Altec Lansing inMotion Air iMW725 review
The iPhone dock is dead. Despite all the fuss surrounding iPod-iPhone-iPad docks over the past few years, it was inevitable that the very notion of sitting apart from a beloved phone would be the genre’s downfall (as well as the arrival of the “too big to dock” iPad), and at last we’re seeing an influx of wireless speaker systems like this one from Altec Lansing.
Small - just 33cm across - and weighing just 450g, the iMW725 is fully portable, with a built-in rechargeable battery. The wireless speaker sector was revitalised by Apple’s own AirPlay standard, notable largely because of its capability with streaming lossless music files, but that’s not on offer from the iMW725. Instead, it relies on the much lower-spec Bluetooth technology; even then, the iMW725 will only playback tunes streamed from your smartphone if it’s compatible with the stereo-capable A2DP protocol. Happily, most are, and the absence of Apple AirPlay is a veritable bonus for anyone with a non-Apple gadget.
The disadvantage is that Bluetooth isn't exactly renowned for delivering high quality audio. With that in mind, Altec Lansing has fitted this product with apt-X Bluetooth technology, which, it claims, delivers “CD quality audio” - though only if your device is capable of sending it in that format. Apple’s Mac Book Pro is, though most laptops and PCs will require the Apt-X USB dongle included with the iMW725. Apt-X is increasingly being used on the current generation of Bluetooth speakers, receivers and headphones, and claims to offer low latency and high quality from compressed music files.
For devices that don't have a USB slot to take the apt-X dongle, Waves' Maxx audio algorithms are used within the iMW725 itself to nudge sound quality up a notch or two.
Altec Lansing claims this unit can receive a wireless stream from a phone up to 10 metres away, and in our test that proved about right, but that’s not all the iMW725 can manage. Using the Apt-X USB dongle in the box it's possible not just to stream in lossless quality to the unit from a PC or Mac desktop or laptop, but from as far away as 100 metres. Since the unit can manage north of 5 hours playback without mains power, that could come in handy.
Use that dongle and a really high-end feature comes into play: multi-room music. Once the reserve of custom installations, and more recently on pricey products from Sonos or Naim, a couple of iMW725’s can serve the same purpose (albeit in a non-extendable rudimentary manner). Great for a house party, with a more cost effective solution being to wire-up a laptop to an existing hi-fi for one room while simultaneously streaming to a iMW725 in another; to make this easy, the apt-X USB dongle also boasts an analogue line output. There’s also an auxiliary button just below the iMW725’s function buttons for hooking-up any external audio device.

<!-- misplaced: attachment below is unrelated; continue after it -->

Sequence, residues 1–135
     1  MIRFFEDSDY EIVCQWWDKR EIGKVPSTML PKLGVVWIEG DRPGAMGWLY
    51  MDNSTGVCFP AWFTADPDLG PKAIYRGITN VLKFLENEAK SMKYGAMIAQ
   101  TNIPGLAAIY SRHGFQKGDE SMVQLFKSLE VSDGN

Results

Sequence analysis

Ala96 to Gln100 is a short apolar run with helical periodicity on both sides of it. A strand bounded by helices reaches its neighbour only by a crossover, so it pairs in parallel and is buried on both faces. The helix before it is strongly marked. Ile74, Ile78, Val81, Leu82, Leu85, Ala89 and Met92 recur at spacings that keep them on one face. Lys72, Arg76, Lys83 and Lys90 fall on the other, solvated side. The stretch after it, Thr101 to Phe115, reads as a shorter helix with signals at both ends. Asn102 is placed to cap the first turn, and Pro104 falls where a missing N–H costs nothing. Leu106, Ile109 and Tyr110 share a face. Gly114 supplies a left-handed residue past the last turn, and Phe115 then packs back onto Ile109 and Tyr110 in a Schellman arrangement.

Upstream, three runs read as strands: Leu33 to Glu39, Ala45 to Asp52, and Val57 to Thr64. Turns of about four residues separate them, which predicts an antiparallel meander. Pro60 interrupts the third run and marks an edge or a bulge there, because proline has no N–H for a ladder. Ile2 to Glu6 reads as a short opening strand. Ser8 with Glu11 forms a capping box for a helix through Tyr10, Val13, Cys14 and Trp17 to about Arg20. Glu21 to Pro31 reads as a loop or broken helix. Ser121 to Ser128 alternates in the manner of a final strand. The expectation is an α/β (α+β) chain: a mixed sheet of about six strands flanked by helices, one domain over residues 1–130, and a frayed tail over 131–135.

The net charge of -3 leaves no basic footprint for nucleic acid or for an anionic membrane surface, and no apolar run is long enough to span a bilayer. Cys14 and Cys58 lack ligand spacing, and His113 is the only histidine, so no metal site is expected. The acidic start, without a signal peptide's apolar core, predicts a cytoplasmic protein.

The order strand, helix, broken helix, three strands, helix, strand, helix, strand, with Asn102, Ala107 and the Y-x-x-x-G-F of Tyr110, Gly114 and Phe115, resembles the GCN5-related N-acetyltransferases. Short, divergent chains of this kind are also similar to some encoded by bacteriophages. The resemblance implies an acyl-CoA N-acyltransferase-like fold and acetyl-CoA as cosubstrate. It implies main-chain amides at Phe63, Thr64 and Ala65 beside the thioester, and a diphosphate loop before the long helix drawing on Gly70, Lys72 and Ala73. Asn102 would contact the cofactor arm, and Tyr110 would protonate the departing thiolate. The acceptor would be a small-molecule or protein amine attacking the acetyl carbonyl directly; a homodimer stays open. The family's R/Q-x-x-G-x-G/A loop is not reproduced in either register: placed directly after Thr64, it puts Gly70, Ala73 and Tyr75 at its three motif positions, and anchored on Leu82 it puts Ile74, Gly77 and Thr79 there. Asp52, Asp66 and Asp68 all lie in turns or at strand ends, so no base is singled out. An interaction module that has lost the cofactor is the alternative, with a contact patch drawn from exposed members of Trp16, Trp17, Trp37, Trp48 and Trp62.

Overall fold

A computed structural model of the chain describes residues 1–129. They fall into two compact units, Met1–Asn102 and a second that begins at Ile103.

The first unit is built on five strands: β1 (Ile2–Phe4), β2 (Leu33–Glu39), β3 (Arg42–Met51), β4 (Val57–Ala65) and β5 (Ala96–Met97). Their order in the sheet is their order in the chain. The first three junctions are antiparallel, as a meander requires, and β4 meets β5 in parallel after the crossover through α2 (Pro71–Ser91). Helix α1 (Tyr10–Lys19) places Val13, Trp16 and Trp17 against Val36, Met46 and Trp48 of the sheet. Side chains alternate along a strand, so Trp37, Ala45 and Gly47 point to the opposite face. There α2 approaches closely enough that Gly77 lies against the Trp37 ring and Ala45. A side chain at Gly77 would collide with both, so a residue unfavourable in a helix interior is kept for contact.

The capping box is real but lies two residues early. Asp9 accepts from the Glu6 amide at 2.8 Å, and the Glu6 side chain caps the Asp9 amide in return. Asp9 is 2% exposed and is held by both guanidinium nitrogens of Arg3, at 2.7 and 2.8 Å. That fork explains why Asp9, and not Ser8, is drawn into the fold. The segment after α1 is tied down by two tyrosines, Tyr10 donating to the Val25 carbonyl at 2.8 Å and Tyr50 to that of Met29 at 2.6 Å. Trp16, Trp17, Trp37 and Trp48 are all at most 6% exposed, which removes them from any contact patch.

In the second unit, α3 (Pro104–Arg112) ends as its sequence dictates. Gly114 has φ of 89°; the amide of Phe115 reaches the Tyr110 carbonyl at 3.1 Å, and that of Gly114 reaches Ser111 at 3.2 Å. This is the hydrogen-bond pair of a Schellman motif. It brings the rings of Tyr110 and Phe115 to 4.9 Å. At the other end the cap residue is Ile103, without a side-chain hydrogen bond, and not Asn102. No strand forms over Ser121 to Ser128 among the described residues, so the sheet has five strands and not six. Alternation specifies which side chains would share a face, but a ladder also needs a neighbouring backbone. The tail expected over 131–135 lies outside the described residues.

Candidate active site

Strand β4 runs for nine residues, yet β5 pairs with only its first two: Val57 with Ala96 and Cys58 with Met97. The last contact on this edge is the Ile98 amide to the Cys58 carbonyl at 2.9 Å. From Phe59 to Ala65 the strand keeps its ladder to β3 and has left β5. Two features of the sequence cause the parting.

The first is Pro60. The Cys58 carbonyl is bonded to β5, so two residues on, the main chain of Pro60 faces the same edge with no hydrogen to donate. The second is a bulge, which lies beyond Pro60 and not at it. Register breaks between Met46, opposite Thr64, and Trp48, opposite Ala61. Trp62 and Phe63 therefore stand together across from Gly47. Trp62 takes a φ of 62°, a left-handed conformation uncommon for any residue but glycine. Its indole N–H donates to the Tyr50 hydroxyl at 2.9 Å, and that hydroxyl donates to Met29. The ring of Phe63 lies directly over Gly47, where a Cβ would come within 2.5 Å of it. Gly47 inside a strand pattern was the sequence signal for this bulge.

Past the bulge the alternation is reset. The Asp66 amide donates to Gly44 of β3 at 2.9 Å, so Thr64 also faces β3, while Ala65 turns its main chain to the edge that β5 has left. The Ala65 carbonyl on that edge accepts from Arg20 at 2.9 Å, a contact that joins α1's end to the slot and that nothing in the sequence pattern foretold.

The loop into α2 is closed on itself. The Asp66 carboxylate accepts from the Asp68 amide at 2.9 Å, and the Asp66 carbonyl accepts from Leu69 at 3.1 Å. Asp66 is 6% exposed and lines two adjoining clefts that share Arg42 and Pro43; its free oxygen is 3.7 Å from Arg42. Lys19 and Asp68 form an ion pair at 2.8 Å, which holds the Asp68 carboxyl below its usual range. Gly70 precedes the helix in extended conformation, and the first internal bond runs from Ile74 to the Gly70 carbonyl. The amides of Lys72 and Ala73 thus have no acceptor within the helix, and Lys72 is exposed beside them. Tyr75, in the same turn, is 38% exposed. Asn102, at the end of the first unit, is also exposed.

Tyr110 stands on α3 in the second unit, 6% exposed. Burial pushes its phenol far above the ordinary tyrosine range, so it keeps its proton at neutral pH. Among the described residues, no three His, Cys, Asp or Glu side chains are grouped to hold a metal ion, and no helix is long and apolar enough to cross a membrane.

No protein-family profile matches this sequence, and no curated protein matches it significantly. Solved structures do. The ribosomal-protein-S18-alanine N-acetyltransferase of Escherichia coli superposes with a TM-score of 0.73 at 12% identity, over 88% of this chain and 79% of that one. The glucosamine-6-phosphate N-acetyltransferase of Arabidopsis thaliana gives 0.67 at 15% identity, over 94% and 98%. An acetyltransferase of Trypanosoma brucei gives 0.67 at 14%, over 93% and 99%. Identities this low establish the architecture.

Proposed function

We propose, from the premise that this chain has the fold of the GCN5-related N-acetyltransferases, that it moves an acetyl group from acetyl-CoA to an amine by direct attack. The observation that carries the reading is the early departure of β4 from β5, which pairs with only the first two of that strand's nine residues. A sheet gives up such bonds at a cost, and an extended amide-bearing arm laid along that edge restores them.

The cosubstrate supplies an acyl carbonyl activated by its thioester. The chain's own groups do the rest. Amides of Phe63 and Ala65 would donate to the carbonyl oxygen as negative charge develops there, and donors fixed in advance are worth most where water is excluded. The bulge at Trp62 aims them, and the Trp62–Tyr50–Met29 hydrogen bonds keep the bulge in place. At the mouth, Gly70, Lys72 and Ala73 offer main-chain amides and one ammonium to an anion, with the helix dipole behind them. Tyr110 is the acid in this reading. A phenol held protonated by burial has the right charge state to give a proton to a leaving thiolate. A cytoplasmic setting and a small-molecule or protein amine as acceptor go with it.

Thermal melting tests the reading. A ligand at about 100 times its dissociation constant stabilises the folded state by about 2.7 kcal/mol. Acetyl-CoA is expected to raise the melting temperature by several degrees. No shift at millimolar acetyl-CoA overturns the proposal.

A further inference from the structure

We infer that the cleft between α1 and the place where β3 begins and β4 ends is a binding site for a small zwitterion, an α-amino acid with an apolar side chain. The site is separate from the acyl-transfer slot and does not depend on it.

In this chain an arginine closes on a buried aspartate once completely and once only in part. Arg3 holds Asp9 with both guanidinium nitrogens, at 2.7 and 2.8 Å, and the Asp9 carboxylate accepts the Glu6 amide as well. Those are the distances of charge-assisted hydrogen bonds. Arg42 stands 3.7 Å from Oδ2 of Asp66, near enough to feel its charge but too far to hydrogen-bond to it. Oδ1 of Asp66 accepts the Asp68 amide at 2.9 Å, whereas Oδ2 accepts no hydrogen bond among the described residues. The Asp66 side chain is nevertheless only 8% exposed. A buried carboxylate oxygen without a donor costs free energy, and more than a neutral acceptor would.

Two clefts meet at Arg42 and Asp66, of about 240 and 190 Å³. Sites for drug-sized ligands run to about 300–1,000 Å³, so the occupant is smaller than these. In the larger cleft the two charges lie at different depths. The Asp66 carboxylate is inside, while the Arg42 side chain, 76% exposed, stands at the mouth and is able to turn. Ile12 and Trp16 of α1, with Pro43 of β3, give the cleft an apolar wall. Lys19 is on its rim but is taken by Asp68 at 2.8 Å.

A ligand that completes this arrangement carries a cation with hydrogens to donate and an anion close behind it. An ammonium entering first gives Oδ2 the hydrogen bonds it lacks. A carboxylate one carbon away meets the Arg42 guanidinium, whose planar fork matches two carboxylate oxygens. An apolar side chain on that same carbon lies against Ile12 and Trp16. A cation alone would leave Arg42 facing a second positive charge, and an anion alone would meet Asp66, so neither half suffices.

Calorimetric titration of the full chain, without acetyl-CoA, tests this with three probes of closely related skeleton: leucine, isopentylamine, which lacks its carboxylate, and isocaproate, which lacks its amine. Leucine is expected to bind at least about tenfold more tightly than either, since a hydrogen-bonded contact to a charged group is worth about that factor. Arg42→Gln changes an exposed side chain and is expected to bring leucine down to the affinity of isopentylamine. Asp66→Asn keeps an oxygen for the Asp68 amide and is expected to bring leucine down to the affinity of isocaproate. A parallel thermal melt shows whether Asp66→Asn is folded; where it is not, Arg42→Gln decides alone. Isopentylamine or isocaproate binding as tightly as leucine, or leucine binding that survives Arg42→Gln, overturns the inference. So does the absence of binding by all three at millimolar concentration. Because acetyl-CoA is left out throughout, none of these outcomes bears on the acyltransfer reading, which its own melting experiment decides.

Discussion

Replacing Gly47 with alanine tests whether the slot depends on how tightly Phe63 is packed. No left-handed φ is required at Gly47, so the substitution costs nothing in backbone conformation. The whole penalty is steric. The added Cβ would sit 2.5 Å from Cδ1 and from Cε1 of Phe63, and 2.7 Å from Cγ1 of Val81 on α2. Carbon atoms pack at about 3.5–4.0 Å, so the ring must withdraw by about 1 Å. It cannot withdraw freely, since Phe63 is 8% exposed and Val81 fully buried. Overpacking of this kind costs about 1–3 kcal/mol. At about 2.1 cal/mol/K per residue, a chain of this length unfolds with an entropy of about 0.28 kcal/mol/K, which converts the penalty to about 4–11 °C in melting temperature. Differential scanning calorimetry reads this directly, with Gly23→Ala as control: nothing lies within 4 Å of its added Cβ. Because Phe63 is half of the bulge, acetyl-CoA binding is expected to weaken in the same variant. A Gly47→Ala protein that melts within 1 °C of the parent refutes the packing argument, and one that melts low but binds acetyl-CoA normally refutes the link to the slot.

The product itself has a rather retro feel, with a soft-to-the-touch grey plastic finish, though the moulded carry handle and a detachable remote control (which clicks into place on the unit’s rear) are nice touches on this thoroughly solid, well made product.
From an iPhone (over regular Bluetooth without apt-X) we streamed some tracks off REM’s “Collapse Into Now” album to the iMW725, with great results. Totally reliable, the built-in speakers somehow manage to dredge out a thoroughly decent amount of low frequency sound, with some excellent detail and stereo imaging, to boot. An “ESS” button on the remote creates an oddly effective soundstage where Michael Stipe’s vocals appear to be placed behind the instrumentation, though this is where bass is at its tightest and most profound. The same tunes pumped into the iMW725 from a netbook fitted the apt-X dongle produced a sound with noticeably less hiss and bags of detail, though it’s presence or otherwise shouldn't be a deal breaker unless the 100m distance is crucial to you; the Waves Maxx Audio codec puts in a fine performance with standard Bluetooth audio.
Bluetooth’ed straight to the iMW725 from an iMac (again, without apt-X at work), Radiohead’s “Morning Mr Magpie” - stored on iTunes as a 47.3MB WAV file - sounds fabulous and significantly better than some MP3s compressed to 320kbps, though even 128kbps files remain highly listenable.
The maker of both the first iPod docking station and “Works with iPhone” speaker system has turned its back on the latest AirPlay spec to configure its own Bluetooth-based wireless speaker - and it’s an absolute steal. Carefully thought-out and fine-tuned, it’s the iMW725’s abilities as a two-room audio system we like best, though it’s the generally impressive sound quality on this everyman wireless solution that scores it victory. Who needs cables, docks or even apps?